Growing up in Jefferson City, Missouri, Dennis Akrobetu '17 enjoyed science courses best, so when it came time to pick a college, he selected Davidson because it provided him opportunities to conduct meaningful research right away. Little did he know at the time, in just three short years his research pursuits would earn him recognition as one of the top undergraduate scientists in the nation.
Akrobetu recently was named a Goldwater Scholar, and as such will receive funding to support his scientific research. Established by the United States Congress in 1986, the Goldwater Scholarship promotes the study of science, math and engineering through scholarships to undergraduate students interested in pursuing careers in those fields.
Akrobetu plans to pursue a career as a physician scientist, working both directly with patients and in a research lab.
"The Goldwater is one of the very few national scholarships at the undergraduate level, and the only large one in the sciences," said Professor of Chemistry Erland Stevens, the campus representative for the Goldwater program. As a result, the monetary reward is only part of its value–"graduate schools in the sciences know that Goldwater winners are serious about the sciences and have a lot of research experience," he said.
Beginning his first year at Davidson, Akrobetu has found opportunities for research year-round, studying such diverse topics as fungus and fruit flies. He spent his first and second summers conducting research with faculty members on campus, and this summer he and four other students will conduct research with Associate Professor of Chemistry Nicole Snyder at the University of Dusseldorf in Germany.
Akrobetu credits Snyder and Professor of Biology Karen Hales, who serve as his academic advisers and research mentors, as well as Associate Professor of Biology Pam Hay, with guiding him along the path that led him to win the Goldwater.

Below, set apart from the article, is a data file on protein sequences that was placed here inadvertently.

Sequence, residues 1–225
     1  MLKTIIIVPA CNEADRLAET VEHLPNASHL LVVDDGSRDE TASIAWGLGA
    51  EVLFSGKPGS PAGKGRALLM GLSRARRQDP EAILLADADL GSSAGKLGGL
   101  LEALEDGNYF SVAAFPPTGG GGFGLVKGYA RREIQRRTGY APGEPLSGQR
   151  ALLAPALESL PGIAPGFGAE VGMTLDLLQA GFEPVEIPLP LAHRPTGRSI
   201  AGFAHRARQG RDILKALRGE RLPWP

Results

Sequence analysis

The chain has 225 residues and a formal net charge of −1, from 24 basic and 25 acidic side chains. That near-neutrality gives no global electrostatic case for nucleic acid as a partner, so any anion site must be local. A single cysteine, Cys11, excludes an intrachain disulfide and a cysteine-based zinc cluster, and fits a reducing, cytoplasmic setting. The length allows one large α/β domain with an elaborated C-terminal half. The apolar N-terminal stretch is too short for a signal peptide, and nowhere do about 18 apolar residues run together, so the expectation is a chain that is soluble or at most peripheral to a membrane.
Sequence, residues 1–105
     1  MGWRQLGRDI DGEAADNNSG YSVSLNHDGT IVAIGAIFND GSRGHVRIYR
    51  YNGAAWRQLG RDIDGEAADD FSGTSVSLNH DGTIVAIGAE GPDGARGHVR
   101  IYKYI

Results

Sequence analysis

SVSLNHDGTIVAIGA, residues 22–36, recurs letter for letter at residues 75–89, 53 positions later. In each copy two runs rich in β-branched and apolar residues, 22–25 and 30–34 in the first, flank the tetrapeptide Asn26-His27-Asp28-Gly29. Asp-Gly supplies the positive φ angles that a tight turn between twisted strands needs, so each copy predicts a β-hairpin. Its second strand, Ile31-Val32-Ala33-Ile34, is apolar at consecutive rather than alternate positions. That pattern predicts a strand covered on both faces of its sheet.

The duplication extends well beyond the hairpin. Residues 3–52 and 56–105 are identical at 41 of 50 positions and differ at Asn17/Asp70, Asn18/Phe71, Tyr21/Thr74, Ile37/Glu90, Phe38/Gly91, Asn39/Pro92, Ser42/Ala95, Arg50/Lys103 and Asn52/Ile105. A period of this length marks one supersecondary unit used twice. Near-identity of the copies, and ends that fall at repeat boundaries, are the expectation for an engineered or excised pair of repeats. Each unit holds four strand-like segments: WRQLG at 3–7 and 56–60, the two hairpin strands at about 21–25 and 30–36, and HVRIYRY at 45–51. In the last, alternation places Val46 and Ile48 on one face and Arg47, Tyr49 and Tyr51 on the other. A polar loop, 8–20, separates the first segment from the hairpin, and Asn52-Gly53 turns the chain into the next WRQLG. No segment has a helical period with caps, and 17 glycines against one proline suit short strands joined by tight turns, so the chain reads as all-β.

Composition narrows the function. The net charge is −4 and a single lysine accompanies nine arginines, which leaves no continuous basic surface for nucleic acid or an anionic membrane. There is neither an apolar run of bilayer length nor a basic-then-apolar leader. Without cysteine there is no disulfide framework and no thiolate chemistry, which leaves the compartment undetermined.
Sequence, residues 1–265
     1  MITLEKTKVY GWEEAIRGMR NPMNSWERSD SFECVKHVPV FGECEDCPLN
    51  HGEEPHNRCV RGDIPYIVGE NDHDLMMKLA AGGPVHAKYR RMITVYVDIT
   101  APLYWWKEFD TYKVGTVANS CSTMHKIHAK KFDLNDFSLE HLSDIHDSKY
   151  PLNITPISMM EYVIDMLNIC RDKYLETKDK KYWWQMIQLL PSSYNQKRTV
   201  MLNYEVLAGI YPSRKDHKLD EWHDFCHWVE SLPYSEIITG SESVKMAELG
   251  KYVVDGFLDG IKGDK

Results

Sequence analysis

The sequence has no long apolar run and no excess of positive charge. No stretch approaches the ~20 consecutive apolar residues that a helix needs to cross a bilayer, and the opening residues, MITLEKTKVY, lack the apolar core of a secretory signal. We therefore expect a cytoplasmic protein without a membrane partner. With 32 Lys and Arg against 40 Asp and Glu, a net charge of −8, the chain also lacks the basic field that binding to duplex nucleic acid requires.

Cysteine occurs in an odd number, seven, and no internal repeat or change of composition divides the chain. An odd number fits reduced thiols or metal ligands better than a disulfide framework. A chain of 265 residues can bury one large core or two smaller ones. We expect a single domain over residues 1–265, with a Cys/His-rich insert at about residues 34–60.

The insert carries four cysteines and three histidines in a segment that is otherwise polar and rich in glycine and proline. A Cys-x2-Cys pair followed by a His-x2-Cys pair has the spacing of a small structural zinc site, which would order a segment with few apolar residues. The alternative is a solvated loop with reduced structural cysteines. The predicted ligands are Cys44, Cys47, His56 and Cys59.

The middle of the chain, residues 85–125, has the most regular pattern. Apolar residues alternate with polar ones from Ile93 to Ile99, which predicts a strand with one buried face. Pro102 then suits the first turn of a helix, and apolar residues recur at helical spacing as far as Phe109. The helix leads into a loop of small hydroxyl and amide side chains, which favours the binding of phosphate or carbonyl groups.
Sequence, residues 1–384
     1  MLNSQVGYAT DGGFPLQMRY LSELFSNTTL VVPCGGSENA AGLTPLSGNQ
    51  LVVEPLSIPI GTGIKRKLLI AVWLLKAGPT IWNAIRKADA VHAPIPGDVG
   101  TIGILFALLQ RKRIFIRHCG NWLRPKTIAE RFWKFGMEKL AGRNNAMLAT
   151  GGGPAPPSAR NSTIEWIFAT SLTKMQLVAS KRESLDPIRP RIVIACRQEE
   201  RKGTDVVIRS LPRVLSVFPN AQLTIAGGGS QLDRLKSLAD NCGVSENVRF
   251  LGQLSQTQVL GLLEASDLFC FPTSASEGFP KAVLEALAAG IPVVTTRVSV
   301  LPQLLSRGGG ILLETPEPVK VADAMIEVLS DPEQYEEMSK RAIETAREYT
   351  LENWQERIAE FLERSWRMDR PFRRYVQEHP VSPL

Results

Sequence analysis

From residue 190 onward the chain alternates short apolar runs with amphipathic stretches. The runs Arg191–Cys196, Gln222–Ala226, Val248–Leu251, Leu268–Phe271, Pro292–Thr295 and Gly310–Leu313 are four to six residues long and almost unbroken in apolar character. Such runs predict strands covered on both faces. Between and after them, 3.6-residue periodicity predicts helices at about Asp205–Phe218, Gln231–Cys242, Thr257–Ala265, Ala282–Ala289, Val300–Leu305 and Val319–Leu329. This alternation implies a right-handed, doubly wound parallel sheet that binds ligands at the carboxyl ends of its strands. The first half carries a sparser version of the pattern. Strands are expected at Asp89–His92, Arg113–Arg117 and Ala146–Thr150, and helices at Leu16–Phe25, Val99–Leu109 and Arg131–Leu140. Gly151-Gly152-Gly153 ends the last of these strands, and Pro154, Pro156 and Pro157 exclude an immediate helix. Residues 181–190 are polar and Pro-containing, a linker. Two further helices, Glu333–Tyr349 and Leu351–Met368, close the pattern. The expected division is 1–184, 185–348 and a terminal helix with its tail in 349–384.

"I was able to connect with mentors and get involved in research early on in my time at Davidson, which is exactly what I was looking for," he said.
Through his various Davidson research projects, Akrobetu has experienced both the excitement of discovery, and the occasional frustration and tedium that precedes it.
"The best part of research is the novelty," he said. "You're doing something that no one else is doing at the moment, and it's a thrill to be the person who figured out the problem."
As a Davidson Research Initiative Fellow last summer, Akrobetu held a Mimms Bioinformatics Research Fellowship and worked with Professor Snyder. The fund was created by Larry '76 and Linda Mimms in 2009 to provide students with hands-on research and discovery opportunities with faculty members. Of the 18 students designated as Mimms Fellows thus far, 16 are either currently enrolled in M.D./Ph.D. programs, or plan to apply within the next year. The remaining two are currently enrolled students, including Akrobetu.
Akrobetu's research with Snyder involved treatment for a fungus that poses a risk of respiratory disease to immune-compromised persons, including chemotherapy patients and HIV positive individuals. Snyder noted that the research ran into some stumbling blocks, but Akrobetu persisted.
"Dennis is a highly intelligent, inquisitive, and motivated young man," Snyder said. "The words ‘back to the drawing board' halfway through the summer would have sent many students reeling. Not Dennis. He saw each setback as a challenge, and like a true scientist he welcomed the opportunity to innovate."
In her nomination of Akrobetu for the scholarship, Hales highlighted the same drive and commitment. "[Dennis] takes notable initiative to push his experiments forward," she said, and also noted his good judgment, organization, and true excitement for his work.
Hales worked with Akrobetu for four semesters and a summer on projects focused on efforts to understand genetic and molecular influences mediating the shaping of mitochondria in specialized tissues in the fruit fly Drosophila melanogaster. He joined her at the Annual Drosophila Research Conference sponsored by the Genetics Society of America, where he presented his work.
"[Dennis has] a keen intellect, persistence, clear communication, motivation and curiosity," Hales said. "He demonstrates all the various skills required to be an effective researcher."